I didn't sign up to post anything for yesterday's class, but our discussion about Denethor made me wonder about the story-internal role of suicide. As far as I can recall, there are only two points at which the topic of suicide surfaces in The Lord of the Rings. One is Denethor's death; the other is when Sam comes across Frodo's apparently lifeless body:
"He looked on the bright point of the sword. He thought of the places behind where there was a black brink and an empty fall into nothingness. That was to do nothing, not even to grieve. There was no escape that way. That was not what he had set out to do."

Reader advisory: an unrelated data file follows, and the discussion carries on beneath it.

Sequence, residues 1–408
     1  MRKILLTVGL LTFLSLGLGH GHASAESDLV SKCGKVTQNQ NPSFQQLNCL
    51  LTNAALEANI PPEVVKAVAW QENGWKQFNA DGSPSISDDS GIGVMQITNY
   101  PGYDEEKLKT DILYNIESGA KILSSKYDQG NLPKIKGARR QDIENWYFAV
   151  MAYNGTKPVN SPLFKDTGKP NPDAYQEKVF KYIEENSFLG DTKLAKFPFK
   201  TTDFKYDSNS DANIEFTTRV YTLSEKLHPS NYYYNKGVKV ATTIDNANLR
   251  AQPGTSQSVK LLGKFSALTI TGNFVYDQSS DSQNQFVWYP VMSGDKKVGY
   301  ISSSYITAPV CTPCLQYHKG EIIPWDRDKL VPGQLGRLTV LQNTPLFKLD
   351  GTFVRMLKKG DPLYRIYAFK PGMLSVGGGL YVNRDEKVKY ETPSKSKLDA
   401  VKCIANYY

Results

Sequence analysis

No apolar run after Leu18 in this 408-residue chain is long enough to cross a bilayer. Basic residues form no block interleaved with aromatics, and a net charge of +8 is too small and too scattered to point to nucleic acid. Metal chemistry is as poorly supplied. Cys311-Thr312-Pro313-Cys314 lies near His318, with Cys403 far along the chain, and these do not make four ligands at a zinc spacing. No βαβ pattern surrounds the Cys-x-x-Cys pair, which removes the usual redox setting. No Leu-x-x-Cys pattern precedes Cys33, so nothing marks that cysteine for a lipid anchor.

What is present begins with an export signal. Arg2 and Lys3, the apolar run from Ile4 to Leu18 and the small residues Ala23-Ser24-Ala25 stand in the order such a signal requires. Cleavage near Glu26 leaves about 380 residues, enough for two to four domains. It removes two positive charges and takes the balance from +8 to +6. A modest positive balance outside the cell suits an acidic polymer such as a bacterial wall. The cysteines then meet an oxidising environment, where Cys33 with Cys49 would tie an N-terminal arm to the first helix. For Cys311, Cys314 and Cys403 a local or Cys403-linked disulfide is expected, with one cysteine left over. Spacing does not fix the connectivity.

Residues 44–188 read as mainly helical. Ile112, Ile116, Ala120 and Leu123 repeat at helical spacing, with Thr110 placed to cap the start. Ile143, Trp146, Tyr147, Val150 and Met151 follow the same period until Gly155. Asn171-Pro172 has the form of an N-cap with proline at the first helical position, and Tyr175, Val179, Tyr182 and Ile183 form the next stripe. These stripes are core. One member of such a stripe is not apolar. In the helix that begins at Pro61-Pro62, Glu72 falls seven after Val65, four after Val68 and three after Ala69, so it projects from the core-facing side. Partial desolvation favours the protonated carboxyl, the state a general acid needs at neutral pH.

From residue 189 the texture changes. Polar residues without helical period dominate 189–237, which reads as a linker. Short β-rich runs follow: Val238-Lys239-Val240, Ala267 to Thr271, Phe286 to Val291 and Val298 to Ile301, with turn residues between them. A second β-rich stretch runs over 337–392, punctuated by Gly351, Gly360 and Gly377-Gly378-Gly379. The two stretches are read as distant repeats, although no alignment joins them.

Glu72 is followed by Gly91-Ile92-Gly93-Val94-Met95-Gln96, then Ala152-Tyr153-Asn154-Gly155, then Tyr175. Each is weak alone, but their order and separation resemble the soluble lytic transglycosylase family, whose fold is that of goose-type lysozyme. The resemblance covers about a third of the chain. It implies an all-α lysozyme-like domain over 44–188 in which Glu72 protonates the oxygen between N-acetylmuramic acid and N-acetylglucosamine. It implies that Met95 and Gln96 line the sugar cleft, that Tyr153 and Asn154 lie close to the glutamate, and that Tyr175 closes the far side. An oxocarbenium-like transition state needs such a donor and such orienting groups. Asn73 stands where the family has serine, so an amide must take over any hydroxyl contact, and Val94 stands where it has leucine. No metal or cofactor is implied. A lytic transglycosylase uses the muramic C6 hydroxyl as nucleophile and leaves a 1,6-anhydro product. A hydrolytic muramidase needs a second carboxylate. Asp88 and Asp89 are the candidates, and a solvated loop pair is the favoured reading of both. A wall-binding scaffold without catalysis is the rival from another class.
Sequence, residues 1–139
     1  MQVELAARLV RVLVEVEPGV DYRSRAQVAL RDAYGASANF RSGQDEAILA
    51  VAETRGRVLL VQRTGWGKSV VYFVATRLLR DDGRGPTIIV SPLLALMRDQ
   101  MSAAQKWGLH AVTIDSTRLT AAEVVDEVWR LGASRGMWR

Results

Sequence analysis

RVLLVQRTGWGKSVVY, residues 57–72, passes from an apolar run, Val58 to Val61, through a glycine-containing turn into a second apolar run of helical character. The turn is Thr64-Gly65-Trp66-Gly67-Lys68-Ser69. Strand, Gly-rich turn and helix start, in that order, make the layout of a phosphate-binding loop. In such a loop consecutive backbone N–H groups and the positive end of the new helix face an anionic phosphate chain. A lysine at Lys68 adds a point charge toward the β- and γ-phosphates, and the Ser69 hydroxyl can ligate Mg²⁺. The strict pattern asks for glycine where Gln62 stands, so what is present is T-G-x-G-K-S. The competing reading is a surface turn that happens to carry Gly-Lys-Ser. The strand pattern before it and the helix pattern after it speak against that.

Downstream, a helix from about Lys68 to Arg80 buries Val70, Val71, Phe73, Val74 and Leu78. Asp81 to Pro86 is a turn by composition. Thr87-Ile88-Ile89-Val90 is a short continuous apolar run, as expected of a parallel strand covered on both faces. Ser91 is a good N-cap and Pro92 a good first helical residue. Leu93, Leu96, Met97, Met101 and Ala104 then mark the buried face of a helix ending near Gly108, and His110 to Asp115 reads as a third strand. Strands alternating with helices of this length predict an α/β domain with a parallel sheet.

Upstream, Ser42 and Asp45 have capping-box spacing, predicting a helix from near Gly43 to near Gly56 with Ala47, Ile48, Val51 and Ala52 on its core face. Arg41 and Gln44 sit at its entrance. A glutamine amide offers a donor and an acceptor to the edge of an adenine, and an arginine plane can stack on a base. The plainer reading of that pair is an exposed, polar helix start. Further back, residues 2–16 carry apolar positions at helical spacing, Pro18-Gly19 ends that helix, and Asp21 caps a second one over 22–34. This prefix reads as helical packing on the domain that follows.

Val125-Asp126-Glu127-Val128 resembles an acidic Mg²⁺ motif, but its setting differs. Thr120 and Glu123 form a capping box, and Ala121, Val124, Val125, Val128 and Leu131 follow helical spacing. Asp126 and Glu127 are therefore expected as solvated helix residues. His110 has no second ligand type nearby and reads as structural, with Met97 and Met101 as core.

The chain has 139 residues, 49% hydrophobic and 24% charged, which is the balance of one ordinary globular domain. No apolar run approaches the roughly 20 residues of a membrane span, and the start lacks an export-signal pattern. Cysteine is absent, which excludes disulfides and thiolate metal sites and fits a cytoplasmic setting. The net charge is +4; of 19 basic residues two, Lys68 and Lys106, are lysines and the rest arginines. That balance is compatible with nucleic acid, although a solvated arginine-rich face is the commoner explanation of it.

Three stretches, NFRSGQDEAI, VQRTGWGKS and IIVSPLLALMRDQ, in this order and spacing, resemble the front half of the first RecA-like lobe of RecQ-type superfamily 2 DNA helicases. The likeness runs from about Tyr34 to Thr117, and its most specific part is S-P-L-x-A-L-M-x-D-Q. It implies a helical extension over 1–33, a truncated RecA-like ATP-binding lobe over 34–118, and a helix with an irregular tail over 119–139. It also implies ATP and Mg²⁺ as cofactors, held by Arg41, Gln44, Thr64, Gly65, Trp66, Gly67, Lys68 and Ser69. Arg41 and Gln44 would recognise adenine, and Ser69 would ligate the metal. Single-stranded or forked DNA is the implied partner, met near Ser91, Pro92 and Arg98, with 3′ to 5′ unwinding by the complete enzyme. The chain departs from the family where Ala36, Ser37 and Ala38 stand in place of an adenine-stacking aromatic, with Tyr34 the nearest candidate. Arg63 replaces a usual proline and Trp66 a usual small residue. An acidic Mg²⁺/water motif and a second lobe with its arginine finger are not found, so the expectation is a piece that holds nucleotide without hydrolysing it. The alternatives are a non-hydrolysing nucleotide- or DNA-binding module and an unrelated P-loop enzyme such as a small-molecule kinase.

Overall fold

Obviously, Tolkien's moral and religious objections to suicide found their way into The Lord of the Rings. But what happens to people who kill themselves? We can only guess at the great purpose Eru has for Men and where they go when they die. Do suicides take part in Eru's great plan after their deaths? Is there a distinction between a suicide like Denethor and an Evil man like the Mouth of Sauron? Is suicide meant to be an inappropriate abdication from responsibility or a selfish desire to control one's life and fate? Lots of questions, and thin textual ice on which to stand. Nevertheless, I'd be interested to hear what people think about this matter.